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Beyond the Headlines: Punishing, Rewarding, and Capitalizing On Good Deeds

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Beyond the Headlines: Punishing, Rewarding, and Capitalizing On Good Deeds

Sometimes good deeds do not go unpunished, and advocacy by women for women, sadly, may be one of them. Other times, good deeds escape punishment, as when women become top financial managers and investors reap the rewards. Good deeds can also leverage female talent in the form of partnerships that lead to highly successful businesses. This week’s round-up has the details.

Women and Minorities may be Punished for Promoting Diversity at Work

While everyone from Facebook COO Sheryl Sandberg to our own Toni Wolfman advocates for women helping other women by speaking up when a successful female candidate might be passed over — for a job or a promotion or a board position — it turns out that there could be a down side for doing so. Find out why in this Huffington Post business piece, which highlights a new joint study from the University of Texas and the University of Colorado.

New Funds are Betting Heavily on Companies Led by Women

The good news from The Wall Street Journal is that investors have confidence in female leadership — in fact, new funds like Barclay’s Women in Leadership ETN (85 companies, 36 with female CEOs) and Pax Ellevate Global Women’s Index Fund, are trading higher than issue price on NYSE Arca. Investors are armed with solid data that companies led by women perform better: from 2004 to 2008, Fortune 500 firms with three or more female directors had an 84 percent better return on sales and a 46 percent better return on equity.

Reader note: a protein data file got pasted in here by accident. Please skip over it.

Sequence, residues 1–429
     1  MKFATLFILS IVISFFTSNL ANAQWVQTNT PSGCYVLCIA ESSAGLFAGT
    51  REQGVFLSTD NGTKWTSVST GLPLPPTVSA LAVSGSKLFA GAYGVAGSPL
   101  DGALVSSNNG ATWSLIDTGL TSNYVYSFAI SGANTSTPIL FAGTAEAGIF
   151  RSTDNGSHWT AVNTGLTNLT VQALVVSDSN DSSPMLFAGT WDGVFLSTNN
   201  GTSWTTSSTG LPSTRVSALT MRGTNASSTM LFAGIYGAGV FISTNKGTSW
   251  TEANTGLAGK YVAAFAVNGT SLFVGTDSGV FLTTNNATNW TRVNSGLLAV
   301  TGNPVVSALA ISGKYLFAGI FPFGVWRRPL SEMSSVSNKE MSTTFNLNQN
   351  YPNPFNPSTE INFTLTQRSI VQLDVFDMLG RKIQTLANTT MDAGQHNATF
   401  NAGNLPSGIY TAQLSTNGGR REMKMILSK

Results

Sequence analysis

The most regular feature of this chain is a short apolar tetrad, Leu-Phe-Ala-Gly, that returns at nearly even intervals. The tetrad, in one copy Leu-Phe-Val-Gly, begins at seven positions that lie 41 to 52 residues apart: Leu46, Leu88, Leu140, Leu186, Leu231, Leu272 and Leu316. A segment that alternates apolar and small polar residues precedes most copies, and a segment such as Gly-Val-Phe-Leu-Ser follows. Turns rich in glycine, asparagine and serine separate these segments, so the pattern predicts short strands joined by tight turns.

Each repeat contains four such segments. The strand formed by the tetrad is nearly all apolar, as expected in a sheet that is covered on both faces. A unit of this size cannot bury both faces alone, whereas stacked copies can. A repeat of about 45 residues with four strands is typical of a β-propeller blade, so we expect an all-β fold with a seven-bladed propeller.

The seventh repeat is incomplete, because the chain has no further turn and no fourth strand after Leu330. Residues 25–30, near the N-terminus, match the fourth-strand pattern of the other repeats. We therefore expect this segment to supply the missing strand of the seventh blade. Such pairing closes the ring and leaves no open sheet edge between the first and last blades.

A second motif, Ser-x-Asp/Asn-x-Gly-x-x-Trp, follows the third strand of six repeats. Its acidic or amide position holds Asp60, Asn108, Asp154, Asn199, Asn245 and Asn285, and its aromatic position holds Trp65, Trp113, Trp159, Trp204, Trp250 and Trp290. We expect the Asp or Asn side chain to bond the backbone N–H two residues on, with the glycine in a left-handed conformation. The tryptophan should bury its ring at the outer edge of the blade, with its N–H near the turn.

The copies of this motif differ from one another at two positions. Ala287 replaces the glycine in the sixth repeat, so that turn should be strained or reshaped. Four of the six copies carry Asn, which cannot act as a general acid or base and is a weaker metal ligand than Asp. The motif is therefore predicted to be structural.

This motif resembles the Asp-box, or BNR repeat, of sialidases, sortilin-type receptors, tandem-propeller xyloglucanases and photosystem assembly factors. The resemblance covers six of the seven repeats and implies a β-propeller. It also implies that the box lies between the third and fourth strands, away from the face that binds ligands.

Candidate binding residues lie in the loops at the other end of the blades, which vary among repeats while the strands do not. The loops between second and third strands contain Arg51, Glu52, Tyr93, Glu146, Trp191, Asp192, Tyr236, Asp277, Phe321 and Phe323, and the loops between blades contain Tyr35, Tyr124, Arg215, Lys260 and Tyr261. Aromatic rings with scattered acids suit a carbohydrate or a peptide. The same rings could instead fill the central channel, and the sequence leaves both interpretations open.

Women’s Health: The Surprising Secret to Success

Perhaps the secret to success for women is in our PreparedU survey: eight in 10 business leaders said that women are better at communication and interpersonal skills. Leveraging those traits — along with strength in numbers — may just be the key to bridging The Confidence Gap. These women, half of whom are also millennials, turned to their closest confidants, colleagues and classmates to co-found their companies, using those relationships as the basis for building strong, successful businesses. Read their individual stories and lessons about leveraging personal relationships (for better or worse) to jumpstart your career in this Women’s Health story.

April Lane is a freelance writer. 

Learn more about Bentley’s PreparedU Project, which examines challenges facing millennial workers, the companies that employ them and the colleges and universities that prepare them.

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FEATURE STORY

Careers
by Bentley University November 11, 2014
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